Bali to Komodo, October 1999
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Bali Culture
(Click any photo throughout to see a larger version)
Indonesia is perched on the equator and entirely in the tropics, so most of it is wet, lush, and green, including Bali. This makes for stunning natural beauty even in the population centers. This shows an outdoor walkway between rooms in the Puri Kamandalu in the city of Ubud, where we spent our first two nights.
The rooms in the Puri Kamandalu are walled with stone. This is part of the front door, with a Bali-style "do not disturb" sign in place.
Most of Indonesia is primarily Muslim, but Bali is almost entirely Hindu. It is known as the Land of 10,000 Temples, for reasons that become obvious when you visit. There are Hindu temples everywhere, and Hindu statues most of the places that don't have temples. This is one small corner of a Hindu temple in Ubud.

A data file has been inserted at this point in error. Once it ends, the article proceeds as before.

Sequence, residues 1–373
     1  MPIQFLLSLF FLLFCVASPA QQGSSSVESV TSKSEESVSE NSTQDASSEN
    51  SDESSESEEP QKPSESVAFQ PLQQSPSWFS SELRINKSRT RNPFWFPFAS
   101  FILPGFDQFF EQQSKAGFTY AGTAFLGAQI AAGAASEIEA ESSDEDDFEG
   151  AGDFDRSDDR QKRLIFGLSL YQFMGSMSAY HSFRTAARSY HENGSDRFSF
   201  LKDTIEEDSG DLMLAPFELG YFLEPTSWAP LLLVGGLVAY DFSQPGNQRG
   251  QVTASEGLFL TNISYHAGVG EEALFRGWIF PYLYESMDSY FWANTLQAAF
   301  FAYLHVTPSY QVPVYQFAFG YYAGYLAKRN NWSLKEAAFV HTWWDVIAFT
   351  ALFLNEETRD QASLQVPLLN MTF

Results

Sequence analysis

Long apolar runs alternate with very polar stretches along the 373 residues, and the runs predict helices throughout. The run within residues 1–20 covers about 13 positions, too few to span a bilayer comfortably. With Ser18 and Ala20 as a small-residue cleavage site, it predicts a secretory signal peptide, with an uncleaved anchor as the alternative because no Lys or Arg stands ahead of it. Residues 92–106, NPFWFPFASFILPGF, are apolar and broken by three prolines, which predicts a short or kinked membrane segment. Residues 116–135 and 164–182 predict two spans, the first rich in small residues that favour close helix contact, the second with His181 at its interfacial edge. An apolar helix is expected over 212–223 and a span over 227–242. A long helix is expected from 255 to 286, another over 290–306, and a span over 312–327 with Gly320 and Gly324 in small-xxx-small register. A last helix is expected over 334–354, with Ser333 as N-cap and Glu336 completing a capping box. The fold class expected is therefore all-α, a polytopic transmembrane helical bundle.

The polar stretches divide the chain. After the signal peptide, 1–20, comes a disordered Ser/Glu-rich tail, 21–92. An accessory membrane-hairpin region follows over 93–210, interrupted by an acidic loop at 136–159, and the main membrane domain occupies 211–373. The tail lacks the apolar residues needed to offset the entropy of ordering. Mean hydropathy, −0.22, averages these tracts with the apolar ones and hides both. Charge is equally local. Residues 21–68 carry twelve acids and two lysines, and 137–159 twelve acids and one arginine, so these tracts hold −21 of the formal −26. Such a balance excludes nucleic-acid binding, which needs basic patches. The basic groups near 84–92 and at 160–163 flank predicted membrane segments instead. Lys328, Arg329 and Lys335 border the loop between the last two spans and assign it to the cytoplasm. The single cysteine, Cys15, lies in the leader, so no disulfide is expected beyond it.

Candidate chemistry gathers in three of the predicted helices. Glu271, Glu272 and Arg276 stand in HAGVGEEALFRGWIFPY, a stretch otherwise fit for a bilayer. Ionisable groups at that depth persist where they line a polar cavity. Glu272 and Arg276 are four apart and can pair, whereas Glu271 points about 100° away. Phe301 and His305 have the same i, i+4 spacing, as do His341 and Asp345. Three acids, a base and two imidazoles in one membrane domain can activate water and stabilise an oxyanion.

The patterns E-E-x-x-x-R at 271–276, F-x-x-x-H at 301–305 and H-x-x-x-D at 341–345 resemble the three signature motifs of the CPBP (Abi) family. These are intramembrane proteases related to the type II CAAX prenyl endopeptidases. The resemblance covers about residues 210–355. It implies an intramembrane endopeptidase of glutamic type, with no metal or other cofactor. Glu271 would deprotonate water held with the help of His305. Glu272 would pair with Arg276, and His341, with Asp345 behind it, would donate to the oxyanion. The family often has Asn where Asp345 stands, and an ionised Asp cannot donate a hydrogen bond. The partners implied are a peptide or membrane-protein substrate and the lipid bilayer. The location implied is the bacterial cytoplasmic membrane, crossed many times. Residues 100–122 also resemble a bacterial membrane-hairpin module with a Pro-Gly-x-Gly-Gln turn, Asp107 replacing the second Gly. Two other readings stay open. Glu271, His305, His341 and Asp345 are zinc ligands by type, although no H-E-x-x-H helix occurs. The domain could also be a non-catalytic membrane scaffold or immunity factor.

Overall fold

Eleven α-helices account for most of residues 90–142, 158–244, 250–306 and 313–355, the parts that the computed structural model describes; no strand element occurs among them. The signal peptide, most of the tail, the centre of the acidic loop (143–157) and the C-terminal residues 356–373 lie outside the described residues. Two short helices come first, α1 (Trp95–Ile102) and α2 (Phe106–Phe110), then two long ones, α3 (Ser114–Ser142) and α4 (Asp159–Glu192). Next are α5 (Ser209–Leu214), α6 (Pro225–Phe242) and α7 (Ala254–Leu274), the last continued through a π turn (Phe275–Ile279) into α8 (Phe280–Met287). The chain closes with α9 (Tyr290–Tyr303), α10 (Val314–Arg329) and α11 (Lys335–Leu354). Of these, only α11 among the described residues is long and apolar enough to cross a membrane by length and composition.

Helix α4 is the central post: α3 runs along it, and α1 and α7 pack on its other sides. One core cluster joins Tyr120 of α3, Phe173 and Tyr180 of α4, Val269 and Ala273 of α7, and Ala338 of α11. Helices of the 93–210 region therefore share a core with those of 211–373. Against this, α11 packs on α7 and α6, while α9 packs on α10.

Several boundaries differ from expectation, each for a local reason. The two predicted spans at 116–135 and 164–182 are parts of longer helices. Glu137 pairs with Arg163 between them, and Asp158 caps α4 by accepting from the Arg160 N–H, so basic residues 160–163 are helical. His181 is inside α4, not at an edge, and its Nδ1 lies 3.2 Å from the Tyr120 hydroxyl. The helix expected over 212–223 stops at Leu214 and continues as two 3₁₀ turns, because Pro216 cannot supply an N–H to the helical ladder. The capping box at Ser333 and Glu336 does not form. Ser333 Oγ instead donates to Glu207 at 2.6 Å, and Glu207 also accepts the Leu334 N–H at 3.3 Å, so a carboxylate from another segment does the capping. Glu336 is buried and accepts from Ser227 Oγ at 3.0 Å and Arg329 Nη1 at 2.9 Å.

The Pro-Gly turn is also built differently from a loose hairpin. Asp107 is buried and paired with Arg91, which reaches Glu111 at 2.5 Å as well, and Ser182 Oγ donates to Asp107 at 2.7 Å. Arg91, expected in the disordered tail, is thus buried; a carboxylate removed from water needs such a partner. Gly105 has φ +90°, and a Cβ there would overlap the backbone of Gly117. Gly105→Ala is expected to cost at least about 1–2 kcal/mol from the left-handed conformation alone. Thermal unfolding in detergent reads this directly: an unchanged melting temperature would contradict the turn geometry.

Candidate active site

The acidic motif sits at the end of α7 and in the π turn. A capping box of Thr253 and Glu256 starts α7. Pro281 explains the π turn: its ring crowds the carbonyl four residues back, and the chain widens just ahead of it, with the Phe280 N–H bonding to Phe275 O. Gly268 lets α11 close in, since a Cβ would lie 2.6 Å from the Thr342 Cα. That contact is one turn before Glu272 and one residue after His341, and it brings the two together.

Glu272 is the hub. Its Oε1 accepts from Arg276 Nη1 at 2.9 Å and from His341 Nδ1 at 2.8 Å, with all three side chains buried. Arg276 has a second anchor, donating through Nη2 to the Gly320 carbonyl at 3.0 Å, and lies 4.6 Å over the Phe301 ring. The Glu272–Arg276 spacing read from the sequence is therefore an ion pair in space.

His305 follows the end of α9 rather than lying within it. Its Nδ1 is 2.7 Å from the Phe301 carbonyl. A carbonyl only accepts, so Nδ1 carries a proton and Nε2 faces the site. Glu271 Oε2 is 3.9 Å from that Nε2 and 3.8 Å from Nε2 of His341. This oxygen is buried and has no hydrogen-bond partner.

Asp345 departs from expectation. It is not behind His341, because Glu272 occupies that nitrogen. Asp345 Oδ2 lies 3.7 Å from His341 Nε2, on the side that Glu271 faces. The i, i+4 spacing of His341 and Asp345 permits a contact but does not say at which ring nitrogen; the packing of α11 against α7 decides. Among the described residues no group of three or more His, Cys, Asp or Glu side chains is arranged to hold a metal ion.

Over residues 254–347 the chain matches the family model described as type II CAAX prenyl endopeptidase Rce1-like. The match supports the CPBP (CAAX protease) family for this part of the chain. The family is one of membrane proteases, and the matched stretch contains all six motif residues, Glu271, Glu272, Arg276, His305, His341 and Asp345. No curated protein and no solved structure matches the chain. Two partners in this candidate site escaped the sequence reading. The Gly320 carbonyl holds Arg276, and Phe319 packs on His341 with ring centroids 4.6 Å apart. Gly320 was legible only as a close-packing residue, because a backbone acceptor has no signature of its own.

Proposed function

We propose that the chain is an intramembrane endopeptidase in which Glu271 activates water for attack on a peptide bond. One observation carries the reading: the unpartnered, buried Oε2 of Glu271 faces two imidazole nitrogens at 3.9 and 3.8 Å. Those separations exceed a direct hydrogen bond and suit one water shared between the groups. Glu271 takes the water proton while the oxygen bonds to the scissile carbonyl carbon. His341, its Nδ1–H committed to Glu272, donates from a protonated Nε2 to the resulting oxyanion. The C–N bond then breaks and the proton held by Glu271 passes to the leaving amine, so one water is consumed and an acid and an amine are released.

Wooden masks play a prominent role in Hindu pageantry. This is master carver Wayan Muka from the city of Mas at work. Some of his masks are used as decorations, while others are worn by Balinese dancers. He is himself a dancer, so he can evaluate and test his masks as a performer would.
We saw two Balinese dances on our trip. This picture is from a dance called Kupu-Kupu Carum, whose rather complicated plot involves a prince meditating to try to win a magic kris (sword), while supernatural beings try to distract him in various ways. Here the god Shiva comes down to scare off the lesser supernatural beings and eventually deliver to the prince his well-earned kris. The seated men are part of the gamelan orchestra, which plays complicated rhythms on a variety of percussion instruments continuously throughout the dance performance.
This stone waterfall may bear the same visage as Shiva's form in the Kupu-Kupu Carum dance. This is from a pool in the Puri Santrian in the city of Sanur.

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